We found that the position of the MM affected duplex stability (as inferred by signal intensity values). This finding is consistent with previous studies (16) showing that terminal mismatches are less destabilizing than internal ones. We also found asymmetry in the pattern of signal intensity values by position. Specifically, normalized signal intensities among MM pairs were more pronounced towards the 3′ end of the probe. This phenomenon was presumably due to orientation of the probe on the microarray since the 3′ end was tethered to the microarray surface. Since electrostatic effects of the microarray surface are distance dependent, mismatches closest to the 3′ end might be responsible for the observed effect (38)—although further studies are needed to verify this.

Studies conducted in solution have shown that different MM types cause diverse effects on duplex stability (39). We found that the order of stabilities of MM pairs in solution were different from that observed in microarrays (Figure 8). In general, the microarray results revealed that pyrimidine–pyrimidine MM pairs were more stable (left side of Figure 8) than purine–purine MM pairs (right side of Figure 8). This result was anticipated since purines are composed of large double-ringed nucleotides that distort the geometry of the double helix—incurring a large steric and stacking cost. Hence, MM pairs containing purine destabilize the duplex and have lower signal intensity values than its corresponding PM duplex. Pyrimidine–pyrimidine mismatches, on the other hand, are composed of small single rings that do not distort the geometry of the double helix, resulting in higher stabilities and signal intensity values than MM pairs containing one or two purines. Possible reasons for the discrepancy in the order of stabilities in solution versus those in microarrays include: the number of samples examined [Sugimoto et al. (39) versus this study, 52 versus 10 440 MM pairs, respectively], the size of the oligonucleotide probes on the microarrays (9mers versus 20mers, respectively), and neighboring bases employed (C-MM-G, G-MM-C, C-MM-C, G-MM-G versus every possible neighboring combination, respectively).

Figure 8
The order of stability of RNA/DNA duplexes with a single-base pair MM pairs in solution Sugimoto et al. (39) and on the microarray. For each MM-pair: probe DNA is on the left and target RNA is on the right. The size of the letter distinguishes purines ...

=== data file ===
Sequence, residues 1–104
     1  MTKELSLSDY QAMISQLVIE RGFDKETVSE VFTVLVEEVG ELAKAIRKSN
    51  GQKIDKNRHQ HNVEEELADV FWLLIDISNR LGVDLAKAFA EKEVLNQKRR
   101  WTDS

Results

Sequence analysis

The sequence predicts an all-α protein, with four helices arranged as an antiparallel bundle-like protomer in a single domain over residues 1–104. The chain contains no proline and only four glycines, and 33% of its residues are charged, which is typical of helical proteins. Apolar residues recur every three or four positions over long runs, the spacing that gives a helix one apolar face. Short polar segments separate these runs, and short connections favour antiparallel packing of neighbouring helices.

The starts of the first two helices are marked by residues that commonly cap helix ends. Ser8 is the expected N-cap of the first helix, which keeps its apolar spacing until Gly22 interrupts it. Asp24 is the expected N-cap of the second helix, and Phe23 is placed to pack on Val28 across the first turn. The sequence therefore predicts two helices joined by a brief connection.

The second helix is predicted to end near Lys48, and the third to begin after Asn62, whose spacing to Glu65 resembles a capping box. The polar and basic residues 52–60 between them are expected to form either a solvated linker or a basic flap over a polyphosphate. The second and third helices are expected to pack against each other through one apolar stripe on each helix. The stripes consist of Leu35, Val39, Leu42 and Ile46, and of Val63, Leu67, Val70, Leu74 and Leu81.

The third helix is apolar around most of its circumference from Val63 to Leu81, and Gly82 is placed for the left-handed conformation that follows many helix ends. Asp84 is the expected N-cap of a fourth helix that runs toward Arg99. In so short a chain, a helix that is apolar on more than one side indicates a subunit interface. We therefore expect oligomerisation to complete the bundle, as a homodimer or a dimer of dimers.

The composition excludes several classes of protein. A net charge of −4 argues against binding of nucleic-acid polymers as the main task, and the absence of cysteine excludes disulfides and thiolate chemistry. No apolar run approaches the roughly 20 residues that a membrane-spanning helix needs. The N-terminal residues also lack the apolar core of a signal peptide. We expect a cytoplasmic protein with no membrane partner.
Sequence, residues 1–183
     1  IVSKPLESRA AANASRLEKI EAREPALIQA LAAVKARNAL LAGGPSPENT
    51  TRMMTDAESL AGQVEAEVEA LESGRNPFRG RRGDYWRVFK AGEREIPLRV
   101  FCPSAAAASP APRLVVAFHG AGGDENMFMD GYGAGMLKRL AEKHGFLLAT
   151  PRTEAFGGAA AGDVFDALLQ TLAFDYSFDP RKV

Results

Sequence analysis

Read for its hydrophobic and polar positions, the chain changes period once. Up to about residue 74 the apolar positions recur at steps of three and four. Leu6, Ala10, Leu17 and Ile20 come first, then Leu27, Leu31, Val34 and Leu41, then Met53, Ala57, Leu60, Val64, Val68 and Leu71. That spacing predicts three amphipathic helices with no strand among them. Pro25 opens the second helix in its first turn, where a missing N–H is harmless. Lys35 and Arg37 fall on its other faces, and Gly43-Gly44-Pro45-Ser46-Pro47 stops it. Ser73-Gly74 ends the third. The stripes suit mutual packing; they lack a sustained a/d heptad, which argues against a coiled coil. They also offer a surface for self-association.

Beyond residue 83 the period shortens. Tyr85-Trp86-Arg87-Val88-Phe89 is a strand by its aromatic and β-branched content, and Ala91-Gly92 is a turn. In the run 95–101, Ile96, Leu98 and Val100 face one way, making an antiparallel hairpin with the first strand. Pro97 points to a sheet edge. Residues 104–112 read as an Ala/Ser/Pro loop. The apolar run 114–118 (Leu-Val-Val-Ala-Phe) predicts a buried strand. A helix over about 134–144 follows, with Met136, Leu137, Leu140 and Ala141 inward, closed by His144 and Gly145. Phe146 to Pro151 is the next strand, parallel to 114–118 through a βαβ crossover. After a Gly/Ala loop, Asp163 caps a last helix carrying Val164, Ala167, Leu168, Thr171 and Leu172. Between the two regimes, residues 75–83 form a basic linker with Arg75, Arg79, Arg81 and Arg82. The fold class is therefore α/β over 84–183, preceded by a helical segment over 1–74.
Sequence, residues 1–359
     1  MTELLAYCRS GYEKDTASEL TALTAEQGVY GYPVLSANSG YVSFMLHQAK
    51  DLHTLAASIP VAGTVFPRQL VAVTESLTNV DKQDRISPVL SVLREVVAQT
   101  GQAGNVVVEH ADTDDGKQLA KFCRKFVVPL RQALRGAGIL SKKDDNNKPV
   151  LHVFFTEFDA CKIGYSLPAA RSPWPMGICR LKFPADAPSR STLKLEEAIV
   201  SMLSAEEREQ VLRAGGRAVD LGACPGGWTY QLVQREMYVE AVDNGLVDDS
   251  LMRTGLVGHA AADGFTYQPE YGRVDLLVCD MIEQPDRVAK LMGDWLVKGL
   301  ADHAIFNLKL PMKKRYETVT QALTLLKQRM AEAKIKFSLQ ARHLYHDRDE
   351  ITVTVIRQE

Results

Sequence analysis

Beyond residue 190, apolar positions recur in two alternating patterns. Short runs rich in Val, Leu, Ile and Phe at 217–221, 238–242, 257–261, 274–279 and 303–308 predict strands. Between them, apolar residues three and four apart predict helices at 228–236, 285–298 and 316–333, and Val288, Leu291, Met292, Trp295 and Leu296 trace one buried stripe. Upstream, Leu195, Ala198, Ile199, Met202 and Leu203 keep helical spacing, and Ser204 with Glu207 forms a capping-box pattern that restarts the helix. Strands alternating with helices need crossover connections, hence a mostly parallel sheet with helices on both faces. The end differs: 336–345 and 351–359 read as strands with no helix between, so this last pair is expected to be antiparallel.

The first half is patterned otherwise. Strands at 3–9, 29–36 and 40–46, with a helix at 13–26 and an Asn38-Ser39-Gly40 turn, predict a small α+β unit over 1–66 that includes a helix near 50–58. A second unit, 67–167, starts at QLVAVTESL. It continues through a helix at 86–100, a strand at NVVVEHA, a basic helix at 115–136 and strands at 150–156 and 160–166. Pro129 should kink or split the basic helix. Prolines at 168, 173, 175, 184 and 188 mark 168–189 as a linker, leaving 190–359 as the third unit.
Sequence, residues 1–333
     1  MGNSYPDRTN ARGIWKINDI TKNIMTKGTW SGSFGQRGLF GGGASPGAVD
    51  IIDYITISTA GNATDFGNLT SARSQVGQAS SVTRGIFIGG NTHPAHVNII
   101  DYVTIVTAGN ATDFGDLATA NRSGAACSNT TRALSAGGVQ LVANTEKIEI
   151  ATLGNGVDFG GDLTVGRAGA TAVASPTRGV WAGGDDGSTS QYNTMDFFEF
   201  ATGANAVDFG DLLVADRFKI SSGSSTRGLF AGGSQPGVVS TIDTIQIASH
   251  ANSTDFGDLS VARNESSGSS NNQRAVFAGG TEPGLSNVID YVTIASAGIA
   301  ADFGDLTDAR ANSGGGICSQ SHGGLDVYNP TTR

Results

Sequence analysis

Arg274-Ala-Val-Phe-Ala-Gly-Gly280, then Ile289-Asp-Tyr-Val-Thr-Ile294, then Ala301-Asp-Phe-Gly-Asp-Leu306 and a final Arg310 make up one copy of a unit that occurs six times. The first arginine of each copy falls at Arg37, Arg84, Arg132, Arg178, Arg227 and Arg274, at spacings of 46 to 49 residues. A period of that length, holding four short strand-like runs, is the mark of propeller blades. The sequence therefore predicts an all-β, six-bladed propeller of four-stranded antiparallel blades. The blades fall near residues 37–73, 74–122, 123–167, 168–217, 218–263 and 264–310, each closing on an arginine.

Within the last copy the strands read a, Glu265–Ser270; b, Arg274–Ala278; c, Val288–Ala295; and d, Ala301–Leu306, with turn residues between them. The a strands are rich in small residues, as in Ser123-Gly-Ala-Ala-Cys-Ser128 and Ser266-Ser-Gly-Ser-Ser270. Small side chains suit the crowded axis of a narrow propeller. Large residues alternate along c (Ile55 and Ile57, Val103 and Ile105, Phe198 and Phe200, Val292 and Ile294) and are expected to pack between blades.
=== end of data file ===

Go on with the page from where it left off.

Figure 9
Depiction of four competitive processes on signal intensity values. Each panel shows a labeled (*) target and an immobilized probe on a microarray. (A) hybridization of a target to a probe; (B) probe self-folding; (C) folding of the target and (D) dimerization ...

Interestingly, we also found some asymmetries in signal intensity values of mismatches that contain the same pair of bases (e.g. GA and AG; Figures 4 and and5)5) but differ only in the sense that MM nucleotide is either on the probe or target strand of the duplex. Sugimoto et al. (39) also found this asymmetry for mismatches occurring in short oligonucleotides in solution. This effect can currently not be explained.

The bases neighboring a probe MM can also significantly affect signal intensity values. Bases neighboring a MM at the 5′-terminus had contrasting affects on signal intensity values to those at the 3′-terminus. For example, at the 5′-terminus, purine neighbors had higher signal intensity values than pyrimidine neighbors, while at the 3′-terminus, purine neighbors had the opposite effects on signal intensity values (Figure 7). These differences may be due to steric effects of MMs at the 3′-terminus, which are close to the microarray surface. In contrast to bases neighboring a MM at the terminus, bases neighboring an internal MM yielded a consistent trend: mismatches flanked by purine neighbors had a more stabilizing effect on duplexes than other combinations. These findings are consistent with Sugimoto et al. (39), which showed that both the MM type and the neighboring bases of the probe influenced duplex stability.